I’ll admit, my attention was caught by this gorgeous cover and by the tagline ‘imagine a world where touching was illegal’. Perhaps for obvious reasons this seemed like it might be an interesting read and, despite what it might seem, was a good distraction from our viral pandemic. I hadn’t read any of Kristin Cast’s previous books, but I had heard of them and decided this was a good way to dip into her writing.
Rating: 3.5 stars!
Thanks to Head of Zeus for the review copy and the tour invite, it has not impacted my honest opinion.
Trigger Warnings: sickness, death, fatphobia, emotional abuse, controlling relationship, human experimentation, virus, pandemic, suicide
About the book:
We are The Key.
‘No touching today for a healthy tomorrow.’
Elodie obeys The Key. Elodie obeys the rules. Elodie trusts in the system. At least, Elodie used to…
Aidan is a rebel. Aidan doesn’t do what he’s told. Aidan just wants to be free. Aidan is on his last chance…
After a pandemic wiped out most of the human race, The Key took power. The Key dictates the rules. They govern in order to keep people safe. But as Elodie and Aidan begin to discover there is another side to The Key, they realise not everything is as it seems. Rather than playing protector, The Key are playing God.
What did I think?
The Key to Fear is a strong opener to a new series, a dystopian story that’s a little more familiar than anyone could have expected. I found it to be an interesting read, though admittedly I was expecting it to me mostly focused on the dystopian virus element whereas this book has a strong romance focus. Not a bad thing, by any measure, just not quite what I expected. The premise of The Key to Fear is, in 2020, particularly eerie. Fifty years prior to the book a virus struck the world and the resulting pandemic nearly wiped out humanity. Out of the disaster of the Cerberus virus, the Key rose. A conglomerate focused on controlling the spread of the virus and protecting humanity, the Key outlawed dangerous behaviours and took control, with everything from banning books, choosing relationship matches and identifying career paths to outlawing touch itself.
I found the first half of the book and the shady as hell mystery surrounding the Key, the Key’s behaviour and missing victims super super interesting. It’s rare that worldbuilding wins me over that simply but this was a realistic seeming version of a post pandemic world that never adjusted back to closeness and intimacy. The ongoing, intense fear of the virus was powerful and the technological steps that society has taken to avoid touch. There were moments where Elodie explained adaptions the world had made, like spacing out subway seats that a year ago would have seemed strange to me. Now, well. It was very, very eerie. The banned book aspect was a little strange, there wasn’t much in-text to explain why they were banned, other than the Key generally controlling things. I don’t mind that so much though, as this was the start of a series so there could be more information coming in later books, especially after the way this book ended. There’s a lot more to know about this world, particularly outside of the Zones the book starts in, and I can’t wait to see what happens next.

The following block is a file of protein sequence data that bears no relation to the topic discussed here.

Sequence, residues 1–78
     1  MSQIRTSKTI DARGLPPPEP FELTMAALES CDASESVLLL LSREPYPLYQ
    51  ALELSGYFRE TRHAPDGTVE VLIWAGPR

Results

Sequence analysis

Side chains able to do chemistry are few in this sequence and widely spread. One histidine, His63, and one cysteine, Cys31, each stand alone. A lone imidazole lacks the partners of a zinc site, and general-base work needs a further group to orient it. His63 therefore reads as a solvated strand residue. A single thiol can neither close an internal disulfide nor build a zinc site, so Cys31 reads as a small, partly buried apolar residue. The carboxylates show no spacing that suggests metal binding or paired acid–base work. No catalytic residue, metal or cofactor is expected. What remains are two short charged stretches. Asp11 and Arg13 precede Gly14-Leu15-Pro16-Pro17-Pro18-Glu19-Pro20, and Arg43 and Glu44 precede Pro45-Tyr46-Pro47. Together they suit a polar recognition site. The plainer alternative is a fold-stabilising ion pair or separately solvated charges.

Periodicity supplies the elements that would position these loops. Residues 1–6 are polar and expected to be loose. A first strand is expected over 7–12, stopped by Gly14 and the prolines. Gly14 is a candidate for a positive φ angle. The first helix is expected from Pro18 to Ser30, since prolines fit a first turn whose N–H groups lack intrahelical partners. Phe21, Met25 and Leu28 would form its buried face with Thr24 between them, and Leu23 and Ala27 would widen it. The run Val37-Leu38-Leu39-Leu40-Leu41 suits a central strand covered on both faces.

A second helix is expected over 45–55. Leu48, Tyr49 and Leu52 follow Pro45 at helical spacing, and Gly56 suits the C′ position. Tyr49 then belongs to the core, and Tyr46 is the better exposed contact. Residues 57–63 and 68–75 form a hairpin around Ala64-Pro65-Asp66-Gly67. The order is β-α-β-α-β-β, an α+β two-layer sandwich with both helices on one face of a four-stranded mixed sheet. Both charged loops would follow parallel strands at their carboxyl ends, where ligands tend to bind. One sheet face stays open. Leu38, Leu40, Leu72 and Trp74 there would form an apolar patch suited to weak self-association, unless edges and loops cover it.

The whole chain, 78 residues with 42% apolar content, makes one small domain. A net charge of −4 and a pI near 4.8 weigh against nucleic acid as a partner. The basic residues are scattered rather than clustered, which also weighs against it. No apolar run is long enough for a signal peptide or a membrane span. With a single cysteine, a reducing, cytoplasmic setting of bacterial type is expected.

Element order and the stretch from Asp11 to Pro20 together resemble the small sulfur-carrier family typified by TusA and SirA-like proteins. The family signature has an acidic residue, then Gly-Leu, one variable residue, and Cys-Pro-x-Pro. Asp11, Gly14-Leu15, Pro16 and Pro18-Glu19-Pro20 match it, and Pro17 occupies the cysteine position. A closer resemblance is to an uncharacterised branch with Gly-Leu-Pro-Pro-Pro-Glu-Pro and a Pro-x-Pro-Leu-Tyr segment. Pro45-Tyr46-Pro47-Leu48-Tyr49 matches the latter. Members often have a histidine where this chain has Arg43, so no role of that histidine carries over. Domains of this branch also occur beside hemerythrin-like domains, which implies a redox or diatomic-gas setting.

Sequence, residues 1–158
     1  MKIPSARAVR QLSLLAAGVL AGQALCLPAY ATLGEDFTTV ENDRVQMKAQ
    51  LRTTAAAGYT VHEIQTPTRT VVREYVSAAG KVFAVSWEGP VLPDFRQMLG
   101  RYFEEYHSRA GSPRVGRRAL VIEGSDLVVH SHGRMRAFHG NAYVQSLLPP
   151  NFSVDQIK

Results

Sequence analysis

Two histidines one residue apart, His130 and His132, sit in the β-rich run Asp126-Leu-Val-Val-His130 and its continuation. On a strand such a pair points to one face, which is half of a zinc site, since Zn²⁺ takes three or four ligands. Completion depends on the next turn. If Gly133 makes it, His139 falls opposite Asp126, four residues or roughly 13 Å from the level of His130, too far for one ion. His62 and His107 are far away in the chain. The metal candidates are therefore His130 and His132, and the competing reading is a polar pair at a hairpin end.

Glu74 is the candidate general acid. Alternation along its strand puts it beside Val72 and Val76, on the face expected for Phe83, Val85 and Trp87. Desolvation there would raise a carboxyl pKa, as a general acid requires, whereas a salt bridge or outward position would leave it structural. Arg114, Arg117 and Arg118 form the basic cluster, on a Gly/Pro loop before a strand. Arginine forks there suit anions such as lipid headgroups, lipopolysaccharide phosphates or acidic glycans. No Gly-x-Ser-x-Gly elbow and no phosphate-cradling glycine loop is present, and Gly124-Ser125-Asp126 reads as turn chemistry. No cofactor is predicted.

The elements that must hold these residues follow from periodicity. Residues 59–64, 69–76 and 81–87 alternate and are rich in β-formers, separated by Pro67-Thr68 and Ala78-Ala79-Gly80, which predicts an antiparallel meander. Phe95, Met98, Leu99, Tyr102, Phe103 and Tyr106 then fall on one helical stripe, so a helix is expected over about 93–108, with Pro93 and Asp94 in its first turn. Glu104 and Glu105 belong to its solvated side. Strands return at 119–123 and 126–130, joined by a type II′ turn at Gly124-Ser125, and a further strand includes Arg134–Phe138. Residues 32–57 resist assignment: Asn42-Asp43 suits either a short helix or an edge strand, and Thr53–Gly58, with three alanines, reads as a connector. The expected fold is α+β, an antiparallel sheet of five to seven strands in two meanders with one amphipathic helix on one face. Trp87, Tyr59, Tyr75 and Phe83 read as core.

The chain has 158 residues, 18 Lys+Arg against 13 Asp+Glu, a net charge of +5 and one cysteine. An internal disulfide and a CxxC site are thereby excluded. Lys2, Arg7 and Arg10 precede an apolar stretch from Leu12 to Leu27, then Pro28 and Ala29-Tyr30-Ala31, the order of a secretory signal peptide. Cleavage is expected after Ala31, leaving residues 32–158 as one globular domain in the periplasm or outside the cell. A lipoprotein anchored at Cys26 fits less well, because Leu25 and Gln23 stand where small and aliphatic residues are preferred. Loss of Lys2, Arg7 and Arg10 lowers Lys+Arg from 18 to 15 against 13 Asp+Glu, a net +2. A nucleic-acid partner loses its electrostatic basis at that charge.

Despite not expecting it, I did think the romance was good, though not something I generally look for in a book, and I did like the way that Aiden and Elodie’s relationship was tied into the conflict in the story. It tied into several plot points (that I won’t spoil here) and there were several twists that I didn’t guess. One of them, in hindsight, was so obvious that I felt like an idiot, but it did surprise me very well. The end of the book built up into a complex ending that had my heart in my throat and I’m looking forward to finding out what happens in the next book.
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Release date: 5th November 2020